The display 12 generates video or graphic information and may comprise a liquid crystal display (LCD) panel, or any other spatial light modulator (SLM) which reflects or transmits light produced externally. The display may be a front-illuminated reflective display or a rear-illuminated transmissive display. The display 12 may be a miniature reflective LCD having either a nematic or ferroelectric material on a silicon backplane, for example. The display 12 may also be based on transmissive display technologies. The display may have colored pixels (e.g., red, green, and blue) so that it produces a full color image when illuminated by white light. Alternatively, the display may be emissive and employ a matrix of red, green, and blue LEDs or an electroluminescent display. The image inputted to the display device 12 by the driver circuit 26 may be a normal image, or can be pre-distorted to compensate for distortions occurring due to the holographic optical devices 14, 16.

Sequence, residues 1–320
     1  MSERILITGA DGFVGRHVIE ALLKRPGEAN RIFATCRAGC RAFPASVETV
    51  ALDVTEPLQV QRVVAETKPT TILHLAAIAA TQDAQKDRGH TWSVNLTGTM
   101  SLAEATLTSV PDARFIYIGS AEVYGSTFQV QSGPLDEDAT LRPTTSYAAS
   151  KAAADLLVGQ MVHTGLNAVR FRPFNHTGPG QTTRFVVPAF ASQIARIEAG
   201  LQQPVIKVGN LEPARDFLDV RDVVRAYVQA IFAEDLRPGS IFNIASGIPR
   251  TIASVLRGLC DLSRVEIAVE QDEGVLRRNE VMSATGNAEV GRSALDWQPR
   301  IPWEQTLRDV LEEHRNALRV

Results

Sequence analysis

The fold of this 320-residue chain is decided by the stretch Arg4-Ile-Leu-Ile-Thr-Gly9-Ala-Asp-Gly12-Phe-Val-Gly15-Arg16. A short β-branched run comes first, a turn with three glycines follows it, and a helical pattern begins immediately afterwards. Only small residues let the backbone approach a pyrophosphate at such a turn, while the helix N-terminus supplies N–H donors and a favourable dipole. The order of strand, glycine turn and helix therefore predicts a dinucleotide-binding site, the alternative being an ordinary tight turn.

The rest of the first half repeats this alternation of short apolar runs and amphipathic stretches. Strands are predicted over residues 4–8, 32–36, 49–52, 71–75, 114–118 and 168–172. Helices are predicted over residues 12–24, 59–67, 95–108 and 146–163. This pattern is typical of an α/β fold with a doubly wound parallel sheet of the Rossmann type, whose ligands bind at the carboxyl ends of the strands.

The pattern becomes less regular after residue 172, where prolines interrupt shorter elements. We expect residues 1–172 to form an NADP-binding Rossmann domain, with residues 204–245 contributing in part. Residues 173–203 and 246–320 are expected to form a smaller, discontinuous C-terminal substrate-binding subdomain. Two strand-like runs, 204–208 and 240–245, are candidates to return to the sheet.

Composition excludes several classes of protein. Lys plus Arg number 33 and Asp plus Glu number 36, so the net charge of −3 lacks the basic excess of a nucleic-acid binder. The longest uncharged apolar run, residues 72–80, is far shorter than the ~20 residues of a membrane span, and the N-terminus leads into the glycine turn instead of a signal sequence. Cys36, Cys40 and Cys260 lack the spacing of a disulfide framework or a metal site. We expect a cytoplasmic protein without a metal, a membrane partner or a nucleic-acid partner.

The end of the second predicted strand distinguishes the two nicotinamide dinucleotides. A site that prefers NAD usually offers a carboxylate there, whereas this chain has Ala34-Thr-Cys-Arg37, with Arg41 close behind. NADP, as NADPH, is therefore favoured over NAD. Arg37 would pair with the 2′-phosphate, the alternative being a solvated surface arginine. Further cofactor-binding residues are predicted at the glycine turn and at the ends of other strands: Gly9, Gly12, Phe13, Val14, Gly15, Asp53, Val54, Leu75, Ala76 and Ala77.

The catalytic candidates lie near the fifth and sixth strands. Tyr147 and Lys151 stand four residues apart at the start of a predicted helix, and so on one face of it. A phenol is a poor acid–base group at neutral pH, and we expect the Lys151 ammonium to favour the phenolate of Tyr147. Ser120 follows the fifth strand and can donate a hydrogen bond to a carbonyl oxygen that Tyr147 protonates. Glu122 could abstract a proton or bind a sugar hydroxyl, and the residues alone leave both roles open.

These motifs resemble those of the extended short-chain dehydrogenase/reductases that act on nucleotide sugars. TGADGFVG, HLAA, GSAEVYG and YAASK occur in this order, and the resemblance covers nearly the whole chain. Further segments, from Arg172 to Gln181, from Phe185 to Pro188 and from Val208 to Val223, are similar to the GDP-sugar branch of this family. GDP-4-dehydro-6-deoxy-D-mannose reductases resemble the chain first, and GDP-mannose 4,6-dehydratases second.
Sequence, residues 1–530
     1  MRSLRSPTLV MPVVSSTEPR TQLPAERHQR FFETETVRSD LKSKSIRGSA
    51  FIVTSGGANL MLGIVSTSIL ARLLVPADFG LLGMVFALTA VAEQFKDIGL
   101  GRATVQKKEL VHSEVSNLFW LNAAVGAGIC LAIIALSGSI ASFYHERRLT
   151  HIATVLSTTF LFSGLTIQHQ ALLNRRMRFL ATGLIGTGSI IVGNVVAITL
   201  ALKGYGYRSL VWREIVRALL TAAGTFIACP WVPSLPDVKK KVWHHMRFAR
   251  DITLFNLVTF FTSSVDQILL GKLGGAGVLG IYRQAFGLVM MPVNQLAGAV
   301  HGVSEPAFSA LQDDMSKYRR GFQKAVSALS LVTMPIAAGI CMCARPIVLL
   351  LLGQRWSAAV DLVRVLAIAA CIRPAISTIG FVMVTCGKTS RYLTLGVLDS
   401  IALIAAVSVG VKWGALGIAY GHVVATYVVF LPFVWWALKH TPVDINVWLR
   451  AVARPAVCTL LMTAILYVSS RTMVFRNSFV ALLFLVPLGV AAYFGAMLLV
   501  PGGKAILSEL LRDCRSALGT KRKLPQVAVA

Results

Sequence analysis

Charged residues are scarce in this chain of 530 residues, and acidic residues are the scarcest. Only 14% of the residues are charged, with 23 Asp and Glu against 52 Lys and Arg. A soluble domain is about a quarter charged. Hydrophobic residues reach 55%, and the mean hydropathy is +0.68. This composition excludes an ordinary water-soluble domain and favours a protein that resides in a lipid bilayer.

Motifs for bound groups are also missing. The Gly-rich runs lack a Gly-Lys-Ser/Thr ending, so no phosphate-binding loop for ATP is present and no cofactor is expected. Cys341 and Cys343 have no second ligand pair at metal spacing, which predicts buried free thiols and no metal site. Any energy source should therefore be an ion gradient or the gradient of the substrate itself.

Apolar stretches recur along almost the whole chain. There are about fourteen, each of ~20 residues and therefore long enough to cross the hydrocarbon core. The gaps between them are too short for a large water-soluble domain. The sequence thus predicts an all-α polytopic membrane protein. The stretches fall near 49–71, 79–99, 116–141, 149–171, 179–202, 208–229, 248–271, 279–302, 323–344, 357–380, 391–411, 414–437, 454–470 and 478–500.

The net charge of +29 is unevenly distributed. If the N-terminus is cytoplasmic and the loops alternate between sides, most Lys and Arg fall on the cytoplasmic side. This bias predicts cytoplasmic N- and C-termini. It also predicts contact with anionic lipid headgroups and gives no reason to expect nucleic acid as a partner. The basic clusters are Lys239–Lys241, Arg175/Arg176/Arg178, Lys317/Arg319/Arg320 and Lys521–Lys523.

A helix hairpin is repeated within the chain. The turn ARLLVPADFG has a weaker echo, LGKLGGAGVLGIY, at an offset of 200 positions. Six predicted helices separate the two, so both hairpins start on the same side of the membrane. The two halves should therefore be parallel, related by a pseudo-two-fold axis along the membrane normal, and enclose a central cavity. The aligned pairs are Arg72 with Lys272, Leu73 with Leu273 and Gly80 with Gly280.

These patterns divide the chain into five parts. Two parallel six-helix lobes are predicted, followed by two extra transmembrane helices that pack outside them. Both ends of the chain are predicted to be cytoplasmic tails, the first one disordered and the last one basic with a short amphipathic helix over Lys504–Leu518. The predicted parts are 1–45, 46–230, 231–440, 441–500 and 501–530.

The display device 12 may be a color sequential display in which monochrome images are displayed in sequence. For example, the display 12 may be color illuminated sequentially using separate red, green, and blue light sources so that images projected from the display appear to be displayed as a composite multicolor image. Switching between the different colors is performed very rapidly so that the red, green, and blue image components are transmitted to the observer in quick succession. These components are combined over eye integration time so that the observer perceives what is effectively a full color image. Operation of the display device 12 is synchronized with the optical devices 14, 16 so that red elements of the optical devices are activated when the device displays the red component of the final image, blue elements are activated when the blue image is displayed, and green elements are activated when the green image is displayed.